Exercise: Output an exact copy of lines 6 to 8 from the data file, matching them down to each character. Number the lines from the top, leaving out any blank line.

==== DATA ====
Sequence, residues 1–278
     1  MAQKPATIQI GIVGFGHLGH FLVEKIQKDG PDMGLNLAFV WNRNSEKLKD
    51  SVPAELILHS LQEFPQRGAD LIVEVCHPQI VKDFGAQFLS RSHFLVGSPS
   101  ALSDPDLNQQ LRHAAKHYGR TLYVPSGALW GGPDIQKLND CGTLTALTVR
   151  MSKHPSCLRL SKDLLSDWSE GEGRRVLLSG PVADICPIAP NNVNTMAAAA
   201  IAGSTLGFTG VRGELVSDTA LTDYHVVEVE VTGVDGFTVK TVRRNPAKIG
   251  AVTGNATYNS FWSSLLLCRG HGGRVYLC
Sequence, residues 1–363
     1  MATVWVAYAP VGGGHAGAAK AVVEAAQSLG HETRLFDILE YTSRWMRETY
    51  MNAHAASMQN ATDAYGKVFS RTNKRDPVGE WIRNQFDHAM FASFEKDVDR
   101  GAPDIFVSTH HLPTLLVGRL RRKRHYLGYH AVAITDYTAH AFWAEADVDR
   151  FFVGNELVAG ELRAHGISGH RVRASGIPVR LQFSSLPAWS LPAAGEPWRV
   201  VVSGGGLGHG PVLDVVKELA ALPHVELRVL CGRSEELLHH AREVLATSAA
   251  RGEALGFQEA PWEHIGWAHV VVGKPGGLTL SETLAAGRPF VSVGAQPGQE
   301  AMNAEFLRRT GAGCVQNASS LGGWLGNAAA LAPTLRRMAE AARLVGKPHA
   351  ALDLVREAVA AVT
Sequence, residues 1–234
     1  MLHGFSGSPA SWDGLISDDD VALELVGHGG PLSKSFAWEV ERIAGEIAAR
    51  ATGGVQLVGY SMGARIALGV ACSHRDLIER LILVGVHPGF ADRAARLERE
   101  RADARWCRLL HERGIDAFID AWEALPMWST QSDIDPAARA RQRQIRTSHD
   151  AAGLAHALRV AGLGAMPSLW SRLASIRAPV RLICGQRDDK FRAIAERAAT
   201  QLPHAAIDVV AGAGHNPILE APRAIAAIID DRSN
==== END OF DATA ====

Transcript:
   201  IAGSTLGFTG VRGELVSDTA LTDYHVVEVE VTGVDGFTVK TVRRNPAKIG
   251  AVTGNATYNS FWSSLLLCRG HGGRVYLC
Sequence, residues 1–363